Perhaps you have had a conversation a little like the one in this video? Either it is in the context of whether church buildings – or “the sanctuary” – is particularly special or perhaps during a discussion of the ‘where two or three are gathered‘ issue. I wonder who you side with?
First, let me rule out the worse argument. God does not “live in the church”. Even during the era where anybody spoke of God dwelling in the tabernacle/temple, Isaiah and Jeremiah recognised that God was not confined to a tent or building.
Thus says the LORD: “Heaven is my throne and the earth is my footstool; what is the house which you would build for me, and what is the place of my rest? All these things my hand has made, and so all these things are mine, says the LORD. But this is the man to whom I will look, he that is humble and contrite in spirit, and trembles at my word.” (Isaiah 66:1)
Am I a God at hand, says the LORD, and not a God afar off? Can a man hide himself in secret places so that I cannot see him? says the LORD. Do I not fill heaven and earth? says the LORD. (Jeremiah 23:23, 24)
Even Solomon, who eventually built the temple, got this point when he said “But will God indeed dwell on the earth? Behold, heaven and the highest heaven cannot contain you; how much less this house that I have built!” (1 Kings 8:27, cp. 2 Chron. 2:6, 6:18)”.
Quoting Isaiah, Stephen says the same:
Our fathers had the tent of witness in the wilderness, just as he who spoke to Moses directed him to make it, according to the pattern that he had seen. Our fathers in turn brought it in with Joshua when they dispossessed the nations that God drove out before our fathers. So it was until the days of David, who found favor in the sight of God and asked to find a dwelling place for the God of Jacob. But it was Solomon who built a house for him. Yet the Most High does not dwell in houses made by hands, as the prophet says,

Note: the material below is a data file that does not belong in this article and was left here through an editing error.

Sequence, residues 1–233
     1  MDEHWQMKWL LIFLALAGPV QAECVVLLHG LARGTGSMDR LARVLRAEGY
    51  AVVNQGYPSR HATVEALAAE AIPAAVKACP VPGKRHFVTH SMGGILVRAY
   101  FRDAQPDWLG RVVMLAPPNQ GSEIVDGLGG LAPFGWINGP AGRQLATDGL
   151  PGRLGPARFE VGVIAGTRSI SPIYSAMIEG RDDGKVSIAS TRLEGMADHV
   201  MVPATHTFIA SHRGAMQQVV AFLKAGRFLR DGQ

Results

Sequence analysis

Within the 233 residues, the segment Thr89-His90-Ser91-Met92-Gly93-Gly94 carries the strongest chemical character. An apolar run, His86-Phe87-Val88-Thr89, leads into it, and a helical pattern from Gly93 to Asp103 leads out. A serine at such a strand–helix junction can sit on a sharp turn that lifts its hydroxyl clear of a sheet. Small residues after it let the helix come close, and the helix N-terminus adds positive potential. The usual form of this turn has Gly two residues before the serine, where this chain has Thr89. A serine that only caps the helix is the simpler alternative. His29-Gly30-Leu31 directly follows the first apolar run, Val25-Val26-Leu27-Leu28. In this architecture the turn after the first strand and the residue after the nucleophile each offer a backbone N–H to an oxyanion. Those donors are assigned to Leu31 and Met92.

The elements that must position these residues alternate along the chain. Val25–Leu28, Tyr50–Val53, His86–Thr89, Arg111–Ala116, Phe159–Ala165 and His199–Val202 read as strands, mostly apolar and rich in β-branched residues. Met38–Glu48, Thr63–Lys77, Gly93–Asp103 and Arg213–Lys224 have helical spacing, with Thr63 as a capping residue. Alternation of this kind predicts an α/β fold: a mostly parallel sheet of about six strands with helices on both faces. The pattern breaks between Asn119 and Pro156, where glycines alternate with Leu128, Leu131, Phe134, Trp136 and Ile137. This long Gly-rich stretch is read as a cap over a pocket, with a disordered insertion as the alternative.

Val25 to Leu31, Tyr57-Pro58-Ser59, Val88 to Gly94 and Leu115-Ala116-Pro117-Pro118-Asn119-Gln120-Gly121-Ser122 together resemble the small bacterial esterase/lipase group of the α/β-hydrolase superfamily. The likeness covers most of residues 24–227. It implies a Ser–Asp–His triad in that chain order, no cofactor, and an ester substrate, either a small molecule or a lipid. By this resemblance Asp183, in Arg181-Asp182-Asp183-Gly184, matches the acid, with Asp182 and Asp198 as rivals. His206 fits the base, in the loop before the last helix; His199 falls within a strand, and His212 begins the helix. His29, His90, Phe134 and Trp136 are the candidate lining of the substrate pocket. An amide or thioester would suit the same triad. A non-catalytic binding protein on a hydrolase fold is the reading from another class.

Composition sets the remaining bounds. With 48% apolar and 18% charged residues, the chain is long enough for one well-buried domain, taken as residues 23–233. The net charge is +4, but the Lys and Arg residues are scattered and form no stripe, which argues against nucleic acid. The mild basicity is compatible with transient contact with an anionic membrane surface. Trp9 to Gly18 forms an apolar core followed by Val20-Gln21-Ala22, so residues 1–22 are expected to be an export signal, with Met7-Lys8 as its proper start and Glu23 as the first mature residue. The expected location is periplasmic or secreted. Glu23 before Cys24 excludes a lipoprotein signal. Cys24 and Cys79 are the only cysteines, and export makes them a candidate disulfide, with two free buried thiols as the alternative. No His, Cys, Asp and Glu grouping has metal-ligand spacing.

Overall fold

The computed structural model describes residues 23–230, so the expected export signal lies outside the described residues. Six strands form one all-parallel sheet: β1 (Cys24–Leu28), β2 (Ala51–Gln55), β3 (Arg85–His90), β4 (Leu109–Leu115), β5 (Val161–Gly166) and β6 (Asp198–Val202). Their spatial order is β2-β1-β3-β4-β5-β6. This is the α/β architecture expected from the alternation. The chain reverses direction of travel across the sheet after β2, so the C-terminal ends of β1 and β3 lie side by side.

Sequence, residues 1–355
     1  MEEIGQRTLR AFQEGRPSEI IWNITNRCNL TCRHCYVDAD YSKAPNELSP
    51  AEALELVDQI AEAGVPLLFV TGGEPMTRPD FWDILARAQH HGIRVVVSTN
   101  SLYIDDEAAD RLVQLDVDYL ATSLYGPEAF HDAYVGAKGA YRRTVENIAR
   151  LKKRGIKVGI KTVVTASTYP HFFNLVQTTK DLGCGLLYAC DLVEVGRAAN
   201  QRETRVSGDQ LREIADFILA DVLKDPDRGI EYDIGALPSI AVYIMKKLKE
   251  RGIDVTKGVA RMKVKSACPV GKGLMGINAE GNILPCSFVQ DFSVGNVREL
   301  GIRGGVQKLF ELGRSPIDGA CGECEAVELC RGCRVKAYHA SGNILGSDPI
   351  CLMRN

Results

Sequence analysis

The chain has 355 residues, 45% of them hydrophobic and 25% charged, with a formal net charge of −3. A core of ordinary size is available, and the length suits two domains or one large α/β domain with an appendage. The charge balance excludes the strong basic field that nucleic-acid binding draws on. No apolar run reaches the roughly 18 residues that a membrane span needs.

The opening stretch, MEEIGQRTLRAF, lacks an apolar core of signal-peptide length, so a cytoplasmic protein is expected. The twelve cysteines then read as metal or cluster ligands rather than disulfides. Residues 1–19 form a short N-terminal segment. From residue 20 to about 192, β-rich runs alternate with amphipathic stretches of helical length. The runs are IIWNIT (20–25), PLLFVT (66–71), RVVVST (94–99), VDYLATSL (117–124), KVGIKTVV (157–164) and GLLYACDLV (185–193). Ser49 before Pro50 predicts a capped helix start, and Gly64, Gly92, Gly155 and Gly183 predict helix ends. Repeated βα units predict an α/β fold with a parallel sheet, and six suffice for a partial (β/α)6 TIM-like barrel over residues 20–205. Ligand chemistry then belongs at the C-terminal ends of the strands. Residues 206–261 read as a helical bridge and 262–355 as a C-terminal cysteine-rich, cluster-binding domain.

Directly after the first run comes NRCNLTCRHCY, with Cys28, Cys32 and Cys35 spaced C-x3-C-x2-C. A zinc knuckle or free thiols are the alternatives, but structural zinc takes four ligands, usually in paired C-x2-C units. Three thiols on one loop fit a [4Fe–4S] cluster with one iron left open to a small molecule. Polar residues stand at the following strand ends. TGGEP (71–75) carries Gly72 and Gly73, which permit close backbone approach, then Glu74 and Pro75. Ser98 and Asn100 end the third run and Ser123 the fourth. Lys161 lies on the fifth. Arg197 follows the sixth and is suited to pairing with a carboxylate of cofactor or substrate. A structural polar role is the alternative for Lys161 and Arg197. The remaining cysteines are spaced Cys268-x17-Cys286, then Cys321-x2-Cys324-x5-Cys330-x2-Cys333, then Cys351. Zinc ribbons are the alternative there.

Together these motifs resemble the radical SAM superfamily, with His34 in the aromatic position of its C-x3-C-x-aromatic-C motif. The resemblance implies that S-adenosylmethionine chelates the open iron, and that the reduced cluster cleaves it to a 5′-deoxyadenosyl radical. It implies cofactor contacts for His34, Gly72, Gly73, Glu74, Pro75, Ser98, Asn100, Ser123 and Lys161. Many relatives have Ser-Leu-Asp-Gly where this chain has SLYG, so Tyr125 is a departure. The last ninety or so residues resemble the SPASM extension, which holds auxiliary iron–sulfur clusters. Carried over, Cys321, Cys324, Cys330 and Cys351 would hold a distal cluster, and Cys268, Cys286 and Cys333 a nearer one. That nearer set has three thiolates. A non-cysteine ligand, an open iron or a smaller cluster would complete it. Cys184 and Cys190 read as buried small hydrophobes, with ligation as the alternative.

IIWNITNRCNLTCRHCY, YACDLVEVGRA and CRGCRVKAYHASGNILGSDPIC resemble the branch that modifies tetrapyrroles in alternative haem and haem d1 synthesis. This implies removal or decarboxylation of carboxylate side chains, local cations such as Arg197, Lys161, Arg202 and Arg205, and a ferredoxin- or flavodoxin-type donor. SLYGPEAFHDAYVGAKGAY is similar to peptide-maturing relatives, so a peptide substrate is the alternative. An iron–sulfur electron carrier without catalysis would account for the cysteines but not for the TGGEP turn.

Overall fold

“‘Heaven is my throne,and the earth is my footstool.What kind of house will you build for me, says the Lord,or what is the place of my rest?Did not my hand make all these things?’ (Acts 7:44-50)
So, scripturally speaking, the argument that God is everywhere is on better ground. On one level, God is omniscient (all knowing) and omnipresent and therefore we are always ‘in his presence’.
But, paradoxically, God did dwell in the tabernacle/temple (cf. Exodus 25:8,9; 40). However, given all that we have seen already, this dwelling place was not the extent of God’s presence. Rather, it was a visible reminder that God specifically dwelt with a particular people. He did not ‘live’ in the building but rather chose to express his glory there as a visible sign that he was with, and for, this particular people. It marked a focal point for his special presence and glory rather than the total extent of his general presence. When people talk about the ‘presence of God’, they usually do not mean his general omnipresence but rather his special presence as manifested in the temple reflecting his association, and confirmation, of this particular people as his own.